How To Properly Store Produce To Keep It Fresh

There is nothing more frustrating than buying produce and having it spoil a few days later. You got so excited about the peaches, kale, or whatever produce item tickled your fancy and it spoiled. Sometimes produce can go bad before you get the chance to use it! We have a natural tendency to blame the supermarket or vendor at a farmer’s market for selling us spoiled produce. Contrary to popular belief, all fruit and veggies are not meant to be stored in the refrigerator.

 

Believe it or not, not all produce is supposed to stay fresh for two weeks, or until you are ready to use it. While potatoes, onion, garlic, and some squash can keep well for that long, most produce will not. This is why it is important to store your food properly, so that it makes it to your plate before rotting. Not only can storing food properly keep it fresher for longer, but it can also make it taste better.

 

Here’s a tip: keep refrigerated produce in the fridge and keep other produce items out of the fridge. That’s the basic tip, but it goes beyond that. Produce items such as apples, apricots, plums, figs, honeydew, broccoli, lettuce, bell peppers, spinach, or watermelons should be stored in the refrigerator, but not necessarily all together in the same drawer. Certain fruits and vegetables release gasses and can make other produce items go bad. For example, spinach may wilt quickly if it is next to figs.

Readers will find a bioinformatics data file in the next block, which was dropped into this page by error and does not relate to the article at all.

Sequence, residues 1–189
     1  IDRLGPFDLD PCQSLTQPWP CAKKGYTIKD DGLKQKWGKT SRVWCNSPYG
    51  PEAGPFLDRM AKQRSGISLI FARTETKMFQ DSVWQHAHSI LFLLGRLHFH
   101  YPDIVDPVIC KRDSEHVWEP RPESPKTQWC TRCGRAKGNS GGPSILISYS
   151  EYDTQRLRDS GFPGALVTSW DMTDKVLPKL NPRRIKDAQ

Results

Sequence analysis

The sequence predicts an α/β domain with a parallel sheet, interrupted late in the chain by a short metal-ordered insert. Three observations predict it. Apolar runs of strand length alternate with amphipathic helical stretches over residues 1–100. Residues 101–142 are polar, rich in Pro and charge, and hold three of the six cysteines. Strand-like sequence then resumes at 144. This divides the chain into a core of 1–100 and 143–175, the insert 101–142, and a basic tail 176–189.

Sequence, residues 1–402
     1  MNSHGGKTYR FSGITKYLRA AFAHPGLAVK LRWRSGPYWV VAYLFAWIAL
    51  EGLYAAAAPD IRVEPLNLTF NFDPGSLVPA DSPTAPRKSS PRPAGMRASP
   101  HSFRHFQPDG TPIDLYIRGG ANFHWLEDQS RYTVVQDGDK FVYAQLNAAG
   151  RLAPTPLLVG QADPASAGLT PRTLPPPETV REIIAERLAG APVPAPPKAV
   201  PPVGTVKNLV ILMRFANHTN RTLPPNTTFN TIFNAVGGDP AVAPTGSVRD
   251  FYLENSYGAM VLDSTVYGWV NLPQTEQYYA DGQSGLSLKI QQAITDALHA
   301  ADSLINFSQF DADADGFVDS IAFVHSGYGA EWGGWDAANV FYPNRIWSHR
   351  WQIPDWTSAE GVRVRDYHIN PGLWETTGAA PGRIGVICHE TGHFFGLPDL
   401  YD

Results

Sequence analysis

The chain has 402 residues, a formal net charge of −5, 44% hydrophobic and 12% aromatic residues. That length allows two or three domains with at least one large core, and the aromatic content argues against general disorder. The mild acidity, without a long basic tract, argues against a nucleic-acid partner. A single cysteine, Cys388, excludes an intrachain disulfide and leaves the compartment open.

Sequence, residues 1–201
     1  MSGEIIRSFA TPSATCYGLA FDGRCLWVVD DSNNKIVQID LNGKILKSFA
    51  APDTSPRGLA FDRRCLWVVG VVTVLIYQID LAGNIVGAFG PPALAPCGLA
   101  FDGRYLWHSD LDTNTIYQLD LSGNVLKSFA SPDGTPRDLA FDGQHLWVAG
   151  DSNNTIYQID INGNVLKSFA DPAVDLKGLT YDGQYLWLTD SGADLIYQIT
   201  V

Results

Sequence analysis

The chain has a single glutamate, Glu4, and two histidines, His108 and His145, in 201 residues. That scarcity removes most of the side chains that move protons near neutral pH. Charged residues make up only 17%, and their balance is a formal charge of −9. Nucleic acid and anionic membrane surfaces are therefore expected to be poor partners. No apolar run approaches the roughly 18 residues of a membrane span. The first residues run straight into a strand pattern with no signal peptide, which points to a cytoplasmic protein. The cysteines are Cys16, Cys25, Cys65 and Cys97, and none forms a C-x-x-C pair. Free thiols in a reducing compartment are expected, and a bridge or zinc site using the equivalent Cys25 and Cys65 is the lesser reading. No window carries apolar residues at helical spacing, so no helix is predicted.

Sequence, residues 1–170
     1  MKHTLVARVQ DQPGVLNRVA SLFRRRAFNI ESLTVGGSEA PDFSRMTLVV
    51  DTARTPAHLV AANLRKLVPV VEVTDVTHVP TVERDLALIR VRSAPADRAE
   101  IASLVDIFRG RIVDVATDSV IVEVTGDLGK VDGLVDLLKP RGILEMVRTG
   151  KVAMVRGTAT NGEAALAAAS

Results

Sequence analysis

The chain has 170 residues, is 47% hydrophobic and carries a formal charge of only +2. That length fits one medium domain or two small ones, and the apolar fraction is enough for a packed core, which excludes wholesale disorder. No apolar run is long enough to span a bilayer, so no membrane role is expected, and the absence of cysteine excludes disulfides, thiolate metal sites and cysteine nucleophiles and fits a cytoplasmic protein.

Refrigerate These Gas-releasing Items:

Apples

Apricots

Cantaloupe

Figs

Honeydew

 

Don’t Refrigerate These Gas-releasing Items:

Avocados

Bananas

Nectarines

Peaches

Pears

Plums

Tomatoes

 

Keep These Items Away from Gas-releasing Items:

Ripe Bananas

Broccoli

Brussels Sprouts

Cabbage
Carrots
Cauliflower
Cucumbers
Eggplant
Lettuce and other leafy greens
Parsley
Peas
Peppers
Squash
Sweet potatoes
Watermelon

 

The gas that is released from the produce items is called ethylene, which is a ripening agent that can also speed up the decaying process of other foods. Keep the gas-releasing produce items separate from other produce items. Once more, do not refrigerate potatoes, onion, garlic, or winter squash. Keep these items separated from each other in dark, cool areas. Do your potatoes tend to sprout quickly? This is because you may put them next to your onions. The above list of produce that should not be refrigerated should be kept in cold, dark areas. Dark and cold areas are crucial. If the dark areas you store your produce in are still hot, the food will go bad.

 

The best way to store herbs is by cutting of the ends and storing them in a jar of water like you would a bouquet of flowers. You can cover the tops with a plastic bag or damp paper towel. You can also wrap your herb bundle in a damp paper towel if you don’t have room for the jars in your fridge.

 

The fruits and veggies that can be refrigerated together can be stored in plastic or paper bags. Storing them in this way can keep them fresh. It is not recommended to wash your produce before refrigerating it, unless you buy lettuce, which has dirt on it, from the farmer’s market. After rinsing the leaves, pat them dry with paper towels and place it in a plastic bag in the fridge.

 

Produce can last longer and taste better if you store it right. This can be extremely useful if you are buying lots of produce while you’re on a cleanse. Use this information to have better tasting, fresher produce.

 

Sources:

http://www.foodnetwork.com/how-to/articles/storing-fruits-and-vegetables.html

http://www.vegetariantimes.com/article/spoiled-rotten-how-to-store-fruits-and-vegetables/

http://www.eatright.org/resource/homefoodsafety/multimedia/infographics/how-to-keep-produce-fresh-longer-infographic

2016-10-14T10:28:27-07:00